Compared to the direct impacts, the indirect impacts of new oil development in ITT or Block 31 are likely to be even greater: colonization and its subsequent secondary deforestation, fragmentation, and unsustainable hunting and fishing. All would intensify biodiversity loss. As indicated above, preliminary ITT development plans call for an extensive new transport and pipeline infrastructure. While plans reference train access, companies are much more likely to seek permits for building new roads, the most widespread and proven method of accessing land-based oil reserves. In either case, there would be unprecedented human access to one of the most intact portions of the Ecuadorian Amazon [13].

Indeed, oil development and its indirect impacts have played a major role in turning the Napo region into one of the 14 major deforestation fronts in the world [165]. Ecuador has had the highest deforestation rate of any Latin American country for several years [166], [167]. Wunder [168] discussed how oil development typically decreases overall deforestation in a region, largely by reducing pressure from agricultural and logging interests. However, Ecuador was shown to be the primary exception to this phenomenon, mainly because the oil itself was located deep in primary forest and the extensive system of oil access roads opened the forest [168]. Access facilitated colonization and subsequent deforestation by small-scale migrant farmers pursuing agriculture and cattle ranching [168][174], with an additional role played by indigenous peoples' farming of commercial crops [174].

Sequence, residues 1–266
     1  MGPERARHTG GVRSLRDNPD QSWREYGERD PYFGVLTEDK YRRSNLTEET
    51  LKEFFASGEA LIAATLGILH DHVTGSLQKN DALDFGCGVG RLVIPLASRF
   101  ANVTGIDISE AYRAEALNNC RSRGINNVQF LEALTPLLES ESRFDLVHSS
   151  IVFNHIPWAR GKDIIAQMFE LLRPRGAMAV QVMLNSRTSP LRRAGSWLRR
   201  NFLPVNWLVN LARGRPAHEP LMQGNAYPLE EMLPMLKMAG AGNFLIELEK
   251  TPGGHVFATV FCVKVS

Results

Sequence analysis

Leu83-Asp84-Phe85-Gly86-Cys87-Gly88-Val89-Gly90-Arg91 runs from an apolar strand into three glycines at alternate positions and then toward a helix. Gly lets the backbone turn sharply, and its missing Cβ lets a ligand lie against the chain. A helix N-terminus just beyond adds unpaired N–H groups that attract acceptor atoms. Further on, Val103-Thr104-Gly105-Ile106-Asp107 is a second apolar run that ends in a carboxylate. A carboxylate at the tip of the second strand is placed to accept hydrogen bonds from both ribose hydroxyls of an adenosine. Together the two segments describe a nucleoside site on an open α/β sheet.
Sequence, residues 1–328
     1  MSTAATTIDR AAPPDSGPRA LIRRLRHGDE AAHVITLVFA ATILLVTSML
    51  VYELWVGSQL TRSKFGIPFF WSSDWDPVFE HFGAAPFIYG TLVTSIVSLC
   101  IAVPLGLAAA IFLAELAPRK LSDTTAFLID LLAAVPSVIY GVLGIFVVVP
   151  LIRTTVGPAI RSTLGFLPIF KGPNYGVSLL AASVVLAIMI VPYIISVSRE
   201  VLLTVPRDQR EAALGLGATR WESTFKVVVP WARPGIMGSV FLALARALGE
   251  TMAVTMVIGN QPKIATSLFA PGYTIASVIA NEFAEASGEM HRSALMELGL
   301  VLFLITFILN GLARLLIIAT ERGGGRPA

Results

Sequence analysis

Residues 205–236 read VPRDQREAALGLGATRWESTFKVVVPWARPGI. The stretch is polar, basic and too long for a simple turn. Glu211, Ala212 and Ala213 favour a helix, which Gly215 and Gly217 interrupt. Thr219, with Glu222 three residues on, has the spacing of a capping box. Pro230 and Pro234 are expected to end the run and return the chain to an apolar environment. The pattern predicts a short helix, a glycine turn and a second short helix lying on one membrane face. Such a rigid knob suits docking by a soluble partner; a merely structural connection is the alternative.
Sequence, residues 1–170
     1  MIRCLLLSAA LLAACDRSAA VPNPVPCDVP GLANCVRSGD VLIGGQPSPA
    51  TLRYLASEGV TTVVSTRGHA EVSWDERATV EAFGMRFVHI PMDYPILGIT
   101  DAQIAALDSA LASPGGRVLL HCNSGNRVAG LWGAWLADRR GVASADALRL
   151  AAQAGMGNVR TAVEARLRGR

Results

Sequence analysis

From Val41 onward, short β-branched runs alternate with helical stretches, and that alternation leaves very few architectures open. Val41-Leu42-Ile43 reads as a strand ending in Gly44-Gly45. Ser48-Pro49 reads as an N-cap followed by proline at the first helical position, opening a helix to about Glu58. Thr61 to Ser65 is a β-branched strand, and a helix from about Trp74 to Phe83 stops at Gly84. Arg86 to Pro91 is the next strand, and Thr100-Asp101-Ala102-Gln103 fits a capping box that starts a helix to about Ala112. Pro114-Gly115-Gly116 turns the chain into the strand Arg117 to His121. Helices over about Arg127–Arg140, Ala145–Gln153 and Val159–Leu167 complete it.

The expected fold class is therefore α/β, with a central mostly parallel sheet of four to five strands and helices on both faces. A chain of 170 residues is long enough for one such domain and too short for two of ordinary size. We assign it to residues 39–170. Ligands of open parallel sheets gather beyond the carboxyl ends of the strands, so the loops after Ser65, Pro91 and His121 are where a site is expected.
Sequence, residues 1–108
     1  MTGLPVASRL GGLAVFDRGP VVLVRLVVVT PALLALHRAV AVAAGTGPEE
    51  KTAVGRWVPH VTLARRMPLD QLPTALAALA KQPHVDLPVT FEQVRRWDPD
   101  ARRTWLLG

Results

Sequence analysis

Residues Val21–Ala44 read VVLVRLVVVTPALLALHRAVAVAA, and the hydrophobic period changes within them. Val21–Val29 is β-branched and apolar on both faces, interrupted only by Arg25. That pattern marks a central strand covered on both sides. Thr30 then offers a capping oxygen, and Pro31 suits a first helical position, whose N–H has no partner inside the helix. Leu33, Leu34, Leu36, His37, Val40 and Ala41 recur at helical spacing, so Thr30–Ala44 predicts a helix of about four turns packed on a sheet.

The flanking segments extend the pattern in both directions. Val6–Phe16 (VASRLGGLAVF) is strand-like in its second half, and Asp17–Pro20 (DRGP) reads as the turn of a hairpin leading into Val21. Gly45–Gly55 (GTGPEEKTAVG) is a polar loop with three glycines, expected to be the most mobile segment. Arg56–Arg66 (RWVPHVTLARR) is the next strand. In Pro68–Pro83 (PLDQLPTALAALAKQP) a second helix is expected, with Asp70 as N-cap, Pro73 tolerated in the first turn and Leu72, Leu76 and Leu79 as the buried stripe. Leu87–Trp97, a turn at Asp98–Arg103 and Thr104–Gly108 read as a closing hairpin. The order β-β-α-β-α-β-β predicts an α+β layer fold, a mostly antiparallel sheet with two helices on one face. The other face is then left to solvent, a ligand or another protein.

Prior to intensification of oil exploration in the 1970s, the total deforested area in the Ecuadorian Amazon was only ~410,000 hectares (data [171], synthesized in [172]). Only 4.1% of the forests were within 5 kilometers of a road [174], the maximum distance for the practice of successful agriculture [175]. From 1986 to 2001, concentrated oil exploitation in northeastern Ecuador—with attendant in-migration, farming, and urbanization—resulted in deforestation averaging 40,000 hectares per year [172], [174]. For each kilometer of road constructed, ~120 hectares of agricultural lands have been cleared [174]. Unlike Brazil, agricultural lands in the Ecuadorian Amazon do not appear to be abandoned over time, but remain in use by colonists even as more areas are cleared [174]. By 2001, nearly 33% of the Ecuadorian Amazon was within 5 kilometers of a road [174]. Researchers have concluded that oil exploration, production, and associated road construction programs by the oil industry and the government are responsible for this fast-paced deforestation [168], [176].